Veterinary medicine can be practiced in many different ways. As you travel around states, regions, and the world, you realize that there are many different interpretations of “standard of care” that differ from what we are taught in school. Some of the differences involve cleanliness, some of them involve how procedures are done, and some involve certain treatments that different veterinarians prefer. As veterinary students, I think it is useful to take as much of these differences into our brains as possible to weigh the pros an cons of each in order to make the best choice for our future clients and careers.
During an externship that I recently attended, I was reminded of how different veterinary practice is in a rural area vs. here at school. In rural private practice, we saw a lot of clients during the day. Appointments typically lasted 10-20 minutes, varying based on the health status of the animal and whether or not we needed to intervene with treatment for a disease. We saw clients until noon, and then again until 5 or 6 PM. In contrast to school, this was so relieving to me. It was satisfying to have clients come in with something they need, and we would fulfill the need quickly and efficiently. In school, we may see only a handful of appointments each day depending on the service. We see animals with issues that many referring veterinarians have not been able to treat. Sometimes even the experts at our vet school can’t treat them effectively.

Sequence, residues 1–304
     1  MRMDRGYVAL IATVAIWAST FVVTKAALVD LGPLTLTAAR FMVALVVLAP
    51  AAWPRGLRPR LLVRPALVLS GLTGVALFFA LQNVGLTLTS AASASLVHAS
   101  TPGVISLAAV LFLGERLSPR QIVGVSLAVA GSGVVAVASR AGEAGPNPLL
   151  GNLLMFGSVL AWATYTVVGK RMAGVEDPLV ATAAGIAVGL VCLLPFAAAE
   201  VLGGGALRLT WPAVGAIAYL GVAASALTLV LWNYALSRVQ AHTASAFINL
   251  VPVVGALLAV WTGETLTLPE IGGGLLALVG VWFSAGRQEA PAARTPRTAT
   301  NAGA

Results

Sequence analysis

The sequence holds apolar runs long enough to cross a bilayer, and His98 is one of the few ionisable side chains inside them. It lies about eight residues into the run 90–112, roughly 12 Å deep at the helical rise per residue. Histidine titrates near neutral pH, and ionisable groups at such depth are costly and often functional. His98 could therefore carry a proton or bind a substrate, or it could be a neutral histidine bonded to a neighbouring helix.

One of the most drastic differences between veterinary practice at school and in private practice is the price of things and how much people are willing to spend on their animals. In private practice, people regularly state how much money they are prepared to spend during the visit. They give us a limit that we have to work with. In contrast, the nature of academic veterinary institutions makes it so that most of the cases require very complicated care that costs top dollar. I won’t say the largest bill that I have seen paid for in the hospital, but just trust me that it was exorbitant, to say the least.
There is no perfect way to practice veterinary medicine. While it is a science, aspects of it are forms of art in themselves. One method of care may be ideal for one patient but cannot be supported by the client. It is our job to find the middle ground and the best way to care for each individual patient based on what its owner can provide for it. There are truly 2 parties at work with each case in veterinary medicine. Without the support and care of the owner, the patient cannot thrive. The role of the veterinarian is to navigate these waters with understanding and respect.